Can a society function entirely without group identities? It isn't realistic to think a person's politics is not influenced by the groups with which he or she identifies. Group identities serve a number of important social purposes. They provide people with a more secure sense of self, and a sense of social belonging.

Clearly, identity politics cannot be eradicated. There is nothing inherently good or bad about it, but we have to scrutinise what each identity actually represents.

A Hongkonger can be a person from Hong Kong who is proactive, progressive and positive towards the city and the nation's development. He or she can be a person who has in-depth knowledge of both the East and West, and brings the best of both worlds together. When differences between the cultures emerge, that person can be a moderator delivering fair and ingenious solutions to all parties involved.

Or, a Hongkonger can be fixated on cupcakes.

Lau Nai-keung is a member of the Basic Law Committee of the NPC Standing Committee, and also a member of the Commission on Strategic Development


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It should be remembered that Hong Kong has had a high speed railway from the airport to Kowloon since 1998 though it seems be be getting slower and slower with each added train to Tung Chung. There weren't any safety concerns during or after the airport railway was completed. Hong Kong certainly has the expertise to build high speed railways safely and efficiently. Yet, that expertise was not offered to or used by the mainland. That was a missed opportunity. As far as the mainland high speed railways are concerned, I do have concerns that the technology has been pushed beyond safe limits and that does need to be reported on. The mainland media has already pointed out the finer, positive points of the high speed railway. Hong Kong media should be pointing out problems with service on the railway. Hong Kong riders also need to be able to weigh the risks before traveling on the railways, however small that they may be. If Hong Kong media stops reporting openly and freely, then I start to worry. I am a bit concerned about this editorial.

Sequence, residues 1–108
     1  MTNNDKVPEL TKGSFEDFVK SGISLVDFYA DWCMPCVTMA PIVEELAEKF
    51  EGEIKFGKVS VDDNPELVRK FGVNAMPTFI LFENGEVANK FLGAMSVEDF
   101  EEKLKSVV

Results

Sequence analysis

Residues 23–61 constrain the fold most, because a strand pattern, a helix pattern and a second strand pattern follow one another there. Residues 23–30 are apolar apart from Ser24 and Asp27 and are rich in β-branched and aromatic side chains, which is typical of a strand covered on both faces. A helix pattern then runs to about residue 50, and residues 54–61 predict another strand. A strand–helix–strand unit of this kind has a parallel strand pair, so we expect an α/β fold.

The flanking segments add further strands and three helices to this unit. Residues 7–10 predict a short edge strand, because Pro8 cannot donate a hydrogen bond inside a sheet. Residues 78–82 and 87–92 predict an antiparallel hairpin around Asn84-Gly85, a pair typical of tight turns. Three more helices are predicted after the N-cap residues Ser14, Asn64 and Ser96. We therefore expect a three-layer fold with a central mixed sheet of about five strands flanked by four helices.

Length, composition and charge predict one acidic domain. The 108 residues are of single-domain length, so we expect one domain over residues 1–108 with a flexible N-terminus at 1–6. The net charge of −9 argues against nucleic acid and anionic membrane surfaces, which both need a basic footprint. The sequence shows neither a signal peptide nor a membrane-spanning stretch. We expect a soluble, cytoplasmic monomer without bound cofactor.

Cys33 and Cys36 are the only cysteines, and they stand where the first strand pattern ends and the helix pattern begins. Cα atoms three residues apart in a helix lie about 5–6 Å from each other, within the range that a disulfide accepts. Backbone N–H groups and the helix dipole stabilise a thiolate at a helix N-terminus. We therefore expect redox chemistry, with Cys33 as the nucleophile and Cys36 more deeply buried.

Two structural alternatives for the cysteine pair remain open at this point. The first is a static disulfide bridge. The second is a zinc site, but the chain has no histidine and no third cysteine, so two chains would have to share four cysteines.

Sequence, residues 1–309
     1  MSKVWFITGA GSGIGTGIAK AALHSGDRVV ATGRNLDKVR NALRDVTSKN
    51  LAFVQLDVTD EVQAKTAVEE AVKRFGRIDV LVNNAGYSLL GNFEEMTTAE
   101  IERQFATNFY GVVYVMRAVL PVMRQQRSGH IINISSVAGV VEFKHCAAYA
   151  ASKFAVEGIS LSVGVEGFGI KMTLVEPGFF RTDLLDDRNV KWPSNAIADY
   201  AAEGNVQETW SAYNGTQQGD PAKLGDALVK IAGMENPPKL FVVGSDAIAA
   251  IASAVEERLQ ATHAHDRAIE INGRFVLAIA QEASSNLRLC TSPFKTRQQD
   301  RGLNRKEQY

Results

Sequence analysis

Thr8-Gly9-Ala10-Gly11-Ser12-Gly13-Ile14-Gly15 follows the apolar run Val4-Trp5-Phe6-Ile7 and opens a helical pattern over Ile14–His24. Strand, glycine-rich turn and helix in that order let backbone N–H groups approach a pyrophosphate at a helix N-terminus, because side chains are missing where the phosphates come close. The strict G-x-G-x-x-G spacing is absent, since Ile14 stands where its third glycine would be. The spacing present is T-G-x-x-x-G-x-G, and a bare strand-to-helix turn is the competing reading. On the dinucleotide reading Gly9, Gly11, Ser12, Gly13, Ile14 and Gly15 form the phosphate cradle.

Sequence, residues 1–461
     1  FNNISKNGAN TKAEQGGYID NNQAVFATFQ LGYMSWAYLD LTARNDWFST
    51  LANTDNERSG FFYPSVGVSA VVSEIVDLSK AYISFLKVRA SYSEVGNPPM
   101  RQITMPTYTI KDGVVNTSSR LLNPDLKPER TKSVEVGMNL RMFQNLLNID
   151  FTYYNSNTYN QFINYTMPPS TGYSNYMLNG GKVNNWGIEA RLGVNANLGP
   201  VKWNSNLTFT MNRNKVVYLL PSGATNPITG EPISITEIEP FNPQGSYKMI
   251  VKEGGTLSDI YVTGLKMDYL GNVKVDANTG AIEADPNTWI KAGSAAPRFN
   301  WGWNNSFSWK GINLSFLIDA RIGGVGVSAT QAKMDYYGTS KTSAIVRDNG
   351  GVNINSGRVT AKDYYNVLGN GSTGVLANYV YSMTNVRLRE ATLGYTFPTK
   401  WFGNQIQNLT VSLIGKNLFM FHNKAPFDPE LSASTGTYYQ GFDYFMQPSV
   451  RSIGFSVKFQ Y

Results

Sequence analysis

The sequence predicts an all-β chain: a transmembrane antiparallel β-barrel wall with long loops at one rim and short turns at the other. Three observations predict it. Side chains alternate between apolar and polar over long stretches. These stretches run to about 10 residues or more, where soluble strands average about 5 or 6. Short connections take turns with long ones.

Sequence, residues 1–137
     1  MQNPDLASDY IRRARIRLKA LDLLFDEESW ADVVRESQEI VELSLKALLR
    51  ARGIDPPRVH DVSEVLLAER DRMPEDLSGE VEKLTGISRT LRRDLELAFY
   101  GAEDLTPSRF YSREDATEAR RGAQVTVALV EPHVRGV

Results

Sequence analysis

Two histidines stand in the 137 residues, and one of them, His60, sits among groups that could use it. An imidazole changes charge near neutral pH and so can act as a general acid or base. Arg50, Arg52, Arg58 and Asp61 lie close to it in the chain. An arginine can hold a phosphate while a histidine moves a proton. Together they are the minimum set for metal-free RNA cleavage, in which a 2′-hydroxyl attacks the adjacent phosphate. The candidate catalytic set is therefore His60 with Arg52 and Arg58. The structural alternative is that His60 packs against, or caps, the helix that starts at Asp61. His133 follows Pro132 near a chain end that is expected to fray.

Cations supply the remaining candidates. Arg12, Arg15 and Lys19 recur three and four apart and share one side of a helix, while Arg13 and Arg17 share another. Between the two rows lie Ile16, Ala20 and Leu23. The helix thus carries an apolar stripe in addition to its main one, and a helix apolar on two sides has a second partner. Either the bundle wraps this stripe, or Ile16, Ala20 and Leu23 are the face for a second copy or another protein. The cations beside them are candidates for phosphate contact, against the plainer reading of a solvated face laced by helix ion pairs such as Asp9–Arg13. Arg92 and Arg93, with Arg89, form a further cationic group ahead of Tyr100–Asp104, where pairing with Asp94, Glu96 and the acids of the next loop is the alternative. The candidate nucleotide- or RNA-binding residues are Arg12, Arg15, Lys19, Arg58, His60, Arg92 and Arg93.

The idea that 'HK identity' should be based on 'speed'? This ideological comment would replace one form of identity with another - HK identity with nationalism - a particular form of CCP-guided nationalism - a form of identity that eliminates free speech.
Hong Kong infrastructure is excellent - based on efficiency, sound budget and dependability. Not endless budget, speed for its own sake, and corruption. Even China's own scholars have identified the high-speed rail as another 'we're important' project.
It's obvious that the CCP propaganda machine is alive an well in Hong Kong - all about trying to make HK people feel as though they are losing their 'can do' ethic. It's pure discourse, propagandistic discourse.